According to Mr. Robertson and his aides, however, it is the Christian Coalition that is using the Bush campaign to achieve its 1996 goal of gaining control of the Republican Party. At the Virginia Beach conference, Coalition officials described in detail the huge computerized voter data base being compiled by it organizers, as well as a closed circuit satellite hookup, known as National Empowerment Television, that the Coalition recently inaugurated in cooperation with Mr. Weyrich's foundation. It will allow Coalition leaders to communicate regularly and rapidly with their disciplined activists, facilitating their participation in lobbying and elections. So far, said Mr. Weyrich, "it is working beyond my wildest expectations." "We want to build the largest voter file in America," said Guy Rodgers, the Coalition's national field director. Consisting of anti-abortion and anti-gay voters, these files will contain a variety of other personal and political information so that "we not only know who they are, but what precinct they vote in. That, right there," he slowly intoned, "is the ammo for Uzis."
"One of the problems we've had as Christians," Mr. Rodgers said, extending the metaphor, "is we've pointed Uzis at the opposition, but when we've pulled the trigger there've been no bullets." Among the chief targets of the Coalition's wrath is the homosexual community, subject of much discussion during the conference. "Why do you think the homosexuals have made so many inroads in the last few years?" Mr. Rodgers asked. "Because they have so many people? No! Not only do they not have a lot of people, they are dying off, and they're dying young." Homosexuals were gaining political power because they vote en masse.
Mr. Robertson's focus on such highly charged issues as homosexuality and abortion has already attracted enough support to win control of a dozen Republican state committees, including those in Texas, Kansas, Iowa, Virginia and Washington. The Coalition is also close to winning the G.O.P. in California. Its growing influence was reflected in the 1992 Republican platform, which distressed more than a few of the party's more moderate members at the Houston convention in August.
Still the Christian right-wingers perceive themselves as second-class citizens within the Republican Party. Though they protest the notion that they are "infiltrating" the party — "We are just good American citizens who want to get involved," said Mr. Rodgers — that is the unmistakable impression left by certain training materials distributed at the Virginia Beach conference. A "county action plan" published by the Pennsylvania Christian Coalition and obtained by the Freedom Writer reveals a covert modus operandi. It says that each chapter must have a "Republican Party Liaison" who is to "become directly involved in the local Republican central committee so you are an insider. This way you can get a copy of the local committee rules and a feel for who is in the current local Republican committee." Above all, the manual urges, "You should never mention the name Christian Coalition in Republican circles."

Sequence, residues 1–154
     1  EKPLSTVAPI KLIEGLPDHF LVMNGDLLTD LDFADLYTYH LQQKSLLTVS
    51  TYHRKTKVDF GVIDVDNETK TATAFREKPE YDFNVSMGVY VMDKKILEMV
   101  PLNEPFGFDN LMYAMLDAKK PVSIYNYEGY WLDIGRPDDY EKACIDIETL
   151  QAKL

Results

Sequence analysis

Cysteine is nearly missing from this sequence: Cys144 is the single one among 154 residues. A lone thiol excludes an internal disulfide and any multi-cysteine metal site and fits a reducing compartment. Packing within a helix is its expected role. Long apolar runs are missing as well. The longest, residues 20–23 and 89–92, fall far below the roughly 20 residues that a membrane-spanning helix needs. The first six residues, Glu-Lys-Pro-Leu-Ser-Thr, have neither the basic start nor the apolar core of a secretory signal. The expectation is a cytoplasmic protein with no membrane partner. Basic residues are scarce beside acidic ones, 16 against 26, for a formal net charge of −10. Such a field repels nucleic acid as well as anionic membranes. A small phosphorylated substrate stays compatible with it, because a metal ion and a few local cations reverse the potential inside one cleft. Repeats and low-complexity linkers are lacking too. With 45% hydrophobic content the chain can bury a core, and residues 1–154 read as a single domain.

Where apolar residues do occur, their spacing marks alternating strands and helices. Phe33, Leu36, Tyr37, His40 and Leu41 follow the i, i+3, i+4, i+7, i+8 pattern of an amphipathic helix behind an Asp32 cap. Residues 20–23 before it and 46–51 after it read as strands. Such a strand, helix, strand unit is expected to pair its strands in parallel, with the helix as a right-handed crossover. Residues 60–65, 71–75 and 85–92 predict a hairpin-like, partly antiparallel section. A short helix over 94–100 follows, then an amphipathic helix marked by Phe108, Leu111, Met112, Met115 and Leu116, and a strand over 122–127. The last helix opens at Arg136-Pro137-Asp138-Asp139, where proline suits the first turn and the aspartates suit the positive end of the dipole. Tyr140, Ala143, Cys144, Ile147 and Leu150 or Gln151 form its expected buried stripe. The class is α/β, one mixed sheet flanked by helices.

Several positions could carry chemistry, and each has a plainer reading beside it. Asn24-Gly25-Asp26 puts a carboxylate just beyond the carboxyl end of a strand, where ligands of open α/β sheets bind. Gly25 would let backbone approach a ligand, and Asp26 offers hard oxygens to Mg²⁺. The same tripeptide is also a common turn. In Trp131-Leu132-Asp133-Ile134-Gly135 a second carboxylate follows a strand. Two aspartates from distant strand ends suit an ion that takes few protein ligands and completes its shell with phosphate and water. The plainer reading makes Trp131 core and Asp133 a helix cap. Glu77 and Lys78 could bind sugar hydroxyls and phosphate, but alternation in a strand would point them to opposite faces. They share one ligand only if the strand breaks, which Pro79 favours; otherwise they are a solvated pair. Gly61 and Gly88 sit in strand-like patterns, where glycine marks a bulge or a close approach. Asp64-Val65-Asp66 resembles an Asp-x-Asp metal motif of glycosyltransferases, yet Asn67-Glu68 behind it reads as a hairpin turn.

While the Pennsylvania chapter is among the most developed, the Coalition is making inroads even in more liberal communities in New York. Fred Gioffre, a former council member in the town of Rye, who is now director of information services for Westchester County, was among the New Yorkers attending the Virginia Beach conference. In 1988, he ran unsuccessfully for county clerk and currently chairs the Rye Town Republican Committee. Mr. Gioffre told The Observer that he, like other Coalition members, wants to "alert the American people to the assault on family values...There's been a blurring of the line between good and evil." He also disputed the idea of a separated church and state, calling it "a myth."
New York Christian Coalition director Jeff Baran said that the group will distribute up to a million "voter guides" in the state, contrasting the views of Mr. Bush with those of Democratic nominee Bill Clinton, as well as those of Republican Senator Alfonse D'Amato and Democrat Robert Abrams, on such issues as homosexuality, abortion, taxes and school prayer. The fliers, which are being produced at the organization's Virginia head- quarters, will be handed out through churches and Christian book stores beginning in "mid-to-late October," according the Mr. Baran. Although he declined to speculate on whether Mr. Abrams or Mr. D'Amato would be presented in the fliers as the more "pro-family" candidate, Mr. Gioffre was more forthright in saying that the group would be helping "President Bush and Senator D'Amato."
Such obvious partisanship has caused some experts — including officials of the Internal Revenue Service — to question the Christian Coalition's tax-exempt status as a nonprofit "social welfare" agency. The Washington Post recently reported that the IRS, is conducting an investigation that could lead to revocation of the Coalition's provisional exemption. But no action is likely until well after the November election.